The London Zoo is one of the world’s oldest zoos. Meeting the demands of modern times. the Zoo now keeps fewer species in animal friendly environments and focuses on education and conservation. Including the Web of Life (consisting of 65 animal exhibitions), the Aquarium and Children’s Zoo, it is well worth a visit.


Here you can encounter many colourful and tropical fish-even sharks! You will be surprised to see so many different colours, shapes and sizes. The Coral Reef display gives a close-up view of the natural environment of tropical fish and corals.


The Tower Bridge is a must see for all children who grew up to the rhyme ‘London Bridge is falling down’. It’s possible to take a stroll over the bridge and enjoy the wonderful view of the river. The Tower Bridge Experience offers you the opportunity to see the bridge from the inside and to get to know all about Tower Bridge’s history.


Hamley’s has become as much a London attraction as Buckingham Palace or The British Museum. Nowhere is the magic of childhood so precisely captured. To this day it’s still the biggest toyshop in the world. The magical flagship store on Regent Street has over 7 floors packed full of toys and games, with live and interactive demonstrations. Starting from stuffed teddies and gaming software to miniature collections, Hamley’s has it all. This store will leave the children enthralled and the adults aren’t free from its effects either.



For its size London is one of the greenest city in the world, wherever you are in the capital, there’s always a park or garden nearby. Between visits to busy shopping streets and museums, give yourself a break. Whether you’re looking for some wild space where you can go horse riding, or you just want a deck chair for sunbathing, London is sure to have the ‘kind of green’ that you need. For a quiet day with the family, you could pop over to many of the parks that dot the city for an impromptu picnic.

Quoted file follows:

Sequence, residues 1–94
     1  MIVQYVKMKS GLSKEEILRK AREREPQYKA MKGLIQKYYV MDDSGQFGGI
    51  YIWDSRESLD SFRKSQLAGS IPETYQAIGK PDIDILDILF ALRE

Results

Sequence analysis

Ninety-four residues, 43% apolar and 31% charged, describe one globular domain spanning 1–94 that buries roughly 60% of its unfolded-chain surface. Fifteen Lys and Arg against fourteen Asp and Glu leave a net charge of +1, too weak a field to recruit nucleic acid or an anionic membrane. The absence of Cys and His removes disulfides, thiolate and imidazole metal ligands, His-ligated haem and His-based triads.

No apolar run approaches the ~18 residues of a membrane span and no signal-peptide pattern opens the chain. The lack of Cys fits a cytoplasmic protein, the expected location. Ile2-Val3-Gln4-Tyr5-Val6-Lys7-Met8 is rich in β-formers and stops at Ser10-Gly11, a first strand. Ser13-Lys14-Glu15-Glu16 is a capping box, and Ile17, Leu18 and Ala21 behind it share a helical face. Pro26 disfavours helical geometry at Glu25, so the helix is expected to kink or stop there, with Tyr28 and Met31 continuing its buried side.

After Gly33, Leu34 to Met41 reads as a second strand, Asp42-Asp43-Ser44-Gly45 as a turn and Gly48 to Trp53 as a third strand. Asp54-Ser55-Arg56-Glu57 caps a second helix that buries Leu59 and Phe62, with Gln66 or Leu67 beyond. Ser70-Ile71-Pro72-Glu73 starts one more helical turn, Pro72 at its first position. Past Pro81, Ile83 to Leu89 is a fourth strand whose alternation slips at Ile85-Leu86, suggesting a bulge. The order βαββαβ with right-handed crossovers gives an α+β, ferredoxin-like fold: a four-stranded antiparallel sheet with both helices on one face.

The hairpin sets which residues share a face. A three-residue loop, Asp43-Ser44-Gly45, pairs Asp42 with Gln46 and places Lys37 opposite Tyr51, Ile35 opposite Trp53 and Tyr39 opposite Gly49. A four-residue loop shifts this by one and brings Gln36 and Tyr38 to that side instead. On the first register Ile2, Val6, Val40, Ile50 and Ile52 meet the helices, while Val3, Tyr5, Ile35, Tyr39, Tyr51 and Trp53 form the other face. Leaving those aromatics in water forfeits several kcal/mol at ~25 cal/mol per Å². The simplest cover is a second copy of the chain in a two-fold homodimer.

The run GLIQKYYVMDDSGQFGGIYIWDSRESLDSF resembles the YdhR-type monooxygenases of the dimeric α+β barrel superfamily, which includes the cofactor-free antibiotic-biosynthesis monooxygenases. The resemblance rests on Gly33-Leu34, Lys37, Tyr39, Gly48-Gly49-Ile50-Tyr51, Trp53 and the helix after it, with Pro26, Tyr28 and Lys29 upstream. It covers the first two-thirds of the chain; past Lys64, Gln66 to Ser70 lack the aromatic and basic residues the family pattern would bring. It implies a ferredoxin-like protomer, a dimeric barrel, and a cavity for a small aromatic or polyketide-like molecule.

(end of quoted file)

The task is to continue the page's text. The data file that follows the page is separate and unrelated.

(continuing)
Hyde Park London’s most famous park. Go boating on the Serpentine, ride a horse, rent a pair inlines or get yourself heard at Speaker’s Corner.

Kensington Gardens Just next to Hyde Park lie the beautiful Kensington Gardens. Pop in to the Orangery for your afternoon tea, visit the Serpentine Gallery for the latest art exhibition and watch the model boats in the Round Pond.

St James’s Park Popular amongst Londoners, St James’s Park houses a bird sanctuary, a playground and a cafe. It also offers a stunning view of Buckingham Palace.

Green Park Green Park is squeezed in between Hyde Park and St James’s Park, close to Buckingham Palace. It includes the Diana Princess of Wales memorial walk. Stroll around or take a nap in one of the deckchairs.

Greenwich Park This is the spot for a history lesson. Visit the Royal Observatory, the Queen’s House, the Old Royal Naval College and Ranger’s House. When you get tired, sit down and admire the view.

These are but a few spots that are children friendly. There are numerous other sights you can take your kids to – the list goes on. London has something for  everybody, children, families, backpackers, students – you name it and London will have some form of entertainment in store for you.